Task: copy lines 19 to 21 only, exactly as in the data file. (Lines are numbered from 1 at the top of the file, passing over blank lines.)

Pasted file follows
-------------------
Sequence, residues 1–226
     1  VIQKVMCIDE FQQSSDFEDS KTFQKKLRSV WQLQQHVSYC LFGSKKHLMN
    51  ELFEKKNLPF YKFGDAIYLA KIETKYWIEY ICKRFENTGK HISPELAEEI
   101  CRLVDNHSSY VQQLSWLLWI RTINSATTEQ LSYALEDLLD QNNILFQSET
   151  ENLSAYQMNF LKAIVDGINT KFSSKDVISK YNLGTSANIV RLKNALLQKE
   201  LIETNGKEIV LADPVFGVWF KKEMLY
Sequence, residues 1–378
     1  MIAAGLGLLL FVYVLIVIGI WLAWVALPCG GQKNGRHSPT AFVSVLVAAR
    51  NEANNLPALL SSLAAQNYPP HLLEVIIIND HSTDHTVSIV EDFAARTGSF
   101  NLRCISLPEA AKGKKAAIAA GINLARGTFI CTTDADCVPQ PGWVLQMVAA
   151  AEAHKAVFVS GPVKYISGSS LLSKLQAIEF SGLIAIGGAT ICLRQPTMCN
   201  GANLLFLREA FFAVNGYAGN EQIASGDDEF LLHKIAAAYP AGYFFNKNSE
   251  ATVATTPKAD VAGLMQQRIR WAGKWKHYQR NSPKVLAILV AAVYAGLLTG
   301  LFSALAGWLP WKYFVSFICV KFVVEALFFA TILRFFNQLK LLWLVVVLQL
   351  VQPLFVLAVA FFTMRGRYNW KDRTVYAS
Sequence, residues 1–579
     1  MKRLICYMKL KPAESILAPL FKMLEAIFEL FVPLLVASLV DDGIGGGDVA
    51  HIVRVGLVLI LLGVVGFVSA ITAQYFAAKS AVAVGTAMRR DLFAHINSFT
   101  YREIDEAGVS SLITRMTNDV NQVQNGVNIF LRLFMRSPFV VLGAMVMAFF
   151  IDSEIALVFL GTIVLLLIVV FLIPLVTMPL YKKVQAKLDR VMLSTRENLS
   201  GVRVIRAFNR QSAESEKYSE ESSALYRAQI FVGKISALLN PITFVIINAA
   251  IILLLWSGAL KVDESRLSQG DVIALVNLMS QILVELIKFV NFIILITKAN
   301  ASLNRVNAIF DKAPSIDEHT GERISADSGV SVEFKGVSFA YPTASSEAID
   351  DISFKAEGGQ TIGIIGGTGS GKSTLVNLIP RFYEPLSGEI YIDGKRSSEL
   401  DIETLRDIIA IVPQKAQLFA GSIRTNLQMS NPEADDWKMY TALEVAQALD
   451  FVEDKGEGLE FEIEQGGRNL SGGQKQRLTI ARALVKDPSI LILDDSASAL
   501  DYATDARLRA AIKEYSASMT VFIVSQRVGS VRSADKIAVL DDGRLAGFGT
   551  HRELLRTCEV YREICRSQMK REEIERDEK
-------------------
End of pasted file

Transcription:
   101  YREIDEAGVS SLITRMTNDV NQVQNGVNIF LRLFMRSPFV VLGAMVMAFF
   151  IDSEIALVFL GTIVLLLIVV FLIPLVTMPL YKKVQAKLDR VMLSTRENLS
   201  GVRVIRAFNR QSAESEKYSE ESSALYRAQI FVGKISALLN PITFVIINAA